The F600EXR is Fuji's latest version of its premier compact digital camera using EXR technology, in which the sensor employs pixel binning - combining two adjacent pixels to create larger pixels with decreased noise. As with the previous camera in the series, the F550EXR, the sensor is also a back-illuminated CMOS, which allows for faster performance and better low light ability.
The F600EXR is very similar to the F550EXR. Both use a 1/2.0 inch, 16 megapixel back-illuminated CMOS EXR sensor. They each have a 15x optical zoom lens with a focal range of 24 through 360mm (35mm film camera equivalent). They can take HD movies at 1080p resolution and have a built-in GPS. They both can shoot in RAW mode. The F600EXR does add a few useful features - a motion detection capability in Auto EXR mode to reduce blur, a Landmark Navigator feature to improve the functionality of the GPS, and a new intelligent digital zoom which effectively doubles the telephoto range of the 15x optical zoom lens.
The F600EXR is somewhat large and heavy for a compact point & shoot camera, weighing in at approximately 220 grams, including its lithium-ion rechargeable battery and memory card. It measures about 4-inches (103.5mm) wide, 2.4-inches (62.5mm) high and 1.2-inches (32.6mm) thick, or approximately the size of a bar of soap. The camera feels solid, with a largely plastic body on top of a metal frame. To help the user grip the camera, there's a rubberized strip at its front as well as a rubber coating surrounding the large 3.0-inch diagonal LCD screen.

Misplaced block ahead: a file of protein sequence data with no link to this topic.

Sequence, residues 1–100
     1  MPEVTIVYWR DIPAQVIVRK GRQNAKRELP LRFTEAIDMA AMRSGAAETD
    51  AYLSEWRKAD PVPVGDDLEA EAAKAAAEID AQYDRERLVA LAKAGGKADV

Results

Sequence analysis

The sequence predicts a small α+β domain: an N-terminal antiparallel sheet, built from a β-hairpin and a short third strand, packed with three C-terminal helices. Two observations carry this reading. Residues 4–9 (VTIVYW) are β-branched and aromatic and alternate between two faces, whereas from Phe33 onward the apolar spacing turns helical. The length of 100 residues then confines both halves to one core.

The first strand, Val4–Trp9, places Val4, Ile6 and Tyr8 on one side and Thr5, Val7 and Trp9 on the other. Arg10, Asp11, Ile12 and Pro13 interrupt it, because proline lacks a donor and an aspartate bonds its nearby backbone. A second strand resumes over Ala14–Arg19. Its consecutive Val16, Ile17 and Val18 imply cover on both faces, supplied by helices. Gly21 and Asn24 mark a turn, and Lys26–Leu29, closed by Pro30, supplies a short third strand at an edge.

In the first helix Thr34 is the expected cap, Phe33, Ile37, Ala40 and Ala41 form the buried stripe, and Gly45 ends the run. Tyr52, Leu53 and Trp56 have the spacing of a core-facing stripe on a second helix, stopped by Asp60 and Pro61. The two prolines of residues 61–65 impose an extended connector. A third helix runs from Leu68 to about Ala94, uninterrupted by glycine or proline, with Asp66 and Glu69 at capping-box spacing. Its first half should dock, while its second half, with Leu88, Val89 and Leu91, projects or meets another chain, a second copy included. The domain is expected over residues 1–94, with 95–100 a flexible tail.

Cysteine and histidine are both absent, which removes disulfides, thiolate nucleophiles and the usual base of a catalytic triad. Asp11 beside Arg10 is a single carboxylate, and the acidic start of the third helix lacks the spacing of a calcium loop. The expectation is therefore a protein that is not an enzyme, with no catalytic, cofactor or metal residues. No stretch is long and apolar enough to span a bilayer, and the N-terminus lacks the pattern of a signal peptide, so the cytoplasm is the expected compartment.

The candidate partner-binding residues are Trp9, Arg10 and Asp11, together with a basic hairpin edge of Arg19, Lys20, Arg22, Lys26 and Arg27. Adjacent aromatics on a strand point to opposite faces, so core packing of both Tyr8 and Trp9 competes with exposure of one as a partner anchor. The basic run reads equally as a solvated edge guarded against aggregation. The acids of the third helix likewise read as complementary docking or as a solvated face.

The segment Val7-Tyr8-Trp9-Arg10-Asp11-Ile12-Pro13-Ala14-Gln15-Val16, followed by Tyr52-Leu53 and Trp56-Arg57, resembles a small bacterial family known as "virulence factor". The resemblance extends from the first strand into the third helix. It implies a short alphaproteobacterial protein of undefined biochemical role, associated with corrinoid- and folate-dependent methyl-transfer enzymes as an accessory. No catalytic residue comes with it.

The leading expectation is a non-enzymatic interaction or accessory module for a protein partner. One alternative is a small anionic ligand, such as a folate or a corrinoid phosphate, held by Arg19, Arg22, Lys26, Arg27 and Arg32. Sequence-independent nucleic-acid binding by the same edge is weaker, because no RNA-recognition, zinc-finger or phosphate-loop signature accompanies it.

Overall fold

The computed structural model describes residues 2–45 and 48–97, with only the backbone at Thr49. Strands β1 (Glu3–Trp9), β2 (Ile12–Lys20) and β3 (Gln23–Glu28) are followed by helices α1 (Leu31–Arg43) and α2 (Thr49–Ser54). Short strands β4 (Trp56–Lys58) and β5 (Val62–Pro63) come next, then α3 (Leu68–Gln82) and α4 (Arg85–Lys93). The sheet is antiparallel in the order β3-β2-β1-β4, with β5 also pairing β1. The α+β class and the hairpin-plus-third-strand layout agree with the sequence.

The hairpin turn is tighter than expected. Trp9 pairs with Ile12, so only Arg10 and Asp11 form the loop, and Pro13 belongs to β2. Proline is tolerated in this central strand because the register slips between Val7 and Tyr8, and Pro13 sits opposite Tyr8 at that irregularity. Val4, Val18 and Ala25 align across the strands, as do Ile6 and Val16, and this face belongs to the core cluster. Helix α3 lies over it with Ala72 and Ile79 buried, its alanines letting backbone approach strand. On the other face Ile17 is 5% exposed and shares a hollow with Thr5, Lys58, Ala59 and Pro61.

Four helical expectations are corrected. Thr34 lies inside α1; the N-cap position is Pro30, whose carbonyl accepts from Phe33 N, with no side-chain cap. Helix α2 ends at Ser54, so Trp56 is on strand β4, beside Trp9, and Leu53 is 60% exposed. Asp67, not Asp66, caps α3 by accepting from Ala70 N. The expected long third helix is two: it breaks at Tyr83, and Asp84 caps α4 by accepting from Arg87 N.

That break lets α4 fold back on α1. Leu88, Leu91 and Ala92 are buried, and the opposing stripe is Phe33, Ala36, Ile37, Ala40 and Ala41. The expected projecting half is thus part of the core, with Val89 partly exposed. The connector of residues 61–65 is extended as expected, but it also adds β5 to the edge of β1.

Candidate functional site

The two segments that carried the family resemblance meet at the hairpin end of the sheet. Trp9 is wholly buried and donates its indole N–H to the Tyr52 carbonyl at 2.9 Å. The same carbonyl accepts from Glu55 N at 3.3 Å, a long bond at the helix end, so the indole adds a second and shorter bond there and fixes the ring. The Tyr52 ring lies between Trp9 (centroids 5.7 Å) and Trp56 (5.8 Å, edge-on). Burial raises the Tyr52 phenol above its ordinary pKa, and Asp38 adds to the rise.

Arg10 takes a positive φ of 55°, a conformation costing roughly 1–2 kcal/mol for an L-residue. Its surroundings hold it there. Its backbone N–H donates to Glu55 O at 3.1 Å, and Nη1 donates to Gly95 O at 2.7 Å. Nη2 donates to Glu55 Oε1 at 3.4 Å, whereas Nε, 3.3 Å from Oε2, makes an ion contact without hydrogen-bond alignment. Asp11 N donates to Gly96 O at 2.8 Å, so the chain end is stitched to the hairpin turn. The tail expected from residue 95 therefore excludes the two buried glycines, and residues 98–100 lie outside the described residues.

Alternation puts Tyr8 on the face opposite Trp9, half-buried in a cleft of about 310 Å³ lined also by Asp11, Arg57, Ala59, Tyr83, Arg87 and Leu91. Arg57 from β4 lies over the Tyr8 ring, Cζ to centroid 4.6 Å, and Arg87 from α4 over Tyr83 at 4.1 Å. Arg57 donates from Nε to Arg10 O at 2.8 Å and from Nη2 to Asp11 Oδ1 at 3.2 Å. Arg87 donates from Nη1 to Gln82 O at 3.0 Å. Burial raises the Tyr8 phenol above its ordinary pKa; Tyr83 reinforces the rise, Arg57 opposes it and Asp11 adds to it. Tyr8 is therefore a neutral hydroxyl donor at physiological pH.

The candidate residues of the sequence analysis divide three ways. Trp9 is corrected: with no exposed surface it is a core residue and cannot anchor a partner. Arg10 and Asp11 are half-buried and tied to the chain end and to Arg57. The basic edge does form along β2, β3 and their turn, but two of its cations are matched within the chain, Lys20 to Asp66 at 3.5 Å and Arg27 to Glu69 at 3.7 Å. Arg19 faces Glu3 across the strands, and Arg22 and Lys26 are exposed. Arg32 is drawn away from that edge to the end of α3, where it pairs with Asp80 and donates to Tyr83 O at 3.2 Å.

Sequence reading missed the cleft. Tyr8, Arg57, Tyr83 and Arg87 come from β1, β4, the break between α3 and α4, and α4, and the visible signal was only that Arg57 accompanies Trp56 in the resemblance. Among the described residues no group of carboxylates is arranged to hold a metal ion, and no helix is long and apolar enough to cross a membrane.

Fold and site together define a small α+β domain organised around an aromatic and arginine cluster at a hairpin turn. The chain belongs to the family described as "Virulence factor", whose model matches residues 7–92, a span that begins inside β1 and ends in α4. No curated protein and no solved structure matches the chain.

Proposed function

My initial impressions of the camera are positive. The controls are well-placed and easy to use, except for the dedicated movie button, which is set at an odd angle. The menus are colorful, logical and easy to view on the large LCD. The camera seems fairly quick, though there's a two to three second delay between successive shots without the flash - not the fastest performance but not bad either.
Image quality is very good, with bright colors and dependable auto-focusing. Using EXR mode halves the camera's maximum resolution to 8 megapixels, due to the pixel binning process, but images still seem highly detailed. Chromatic aberration (fringing) is well controlled. While taking movies, I appreciated the ability to zoom while recording as well as the camera's continuous adjustment of focus, exposure and white balance.
While I'm impressed with the F600EXR's outdoor image quality, I'm curious whether its relatively large sensor, use of EXR technology and back-illuminated CMOS sensor can consistently produce good looking images indoors, at higher ISOs, that are superior to those of most point and shoot cameras. Thus far, I'm pleased with my high ISO results.
I'm looking forward to exploring the F600EXR's many features. All of that will be detailed in my upcoming full review. Meanwhile, here are some colorful outdoor images.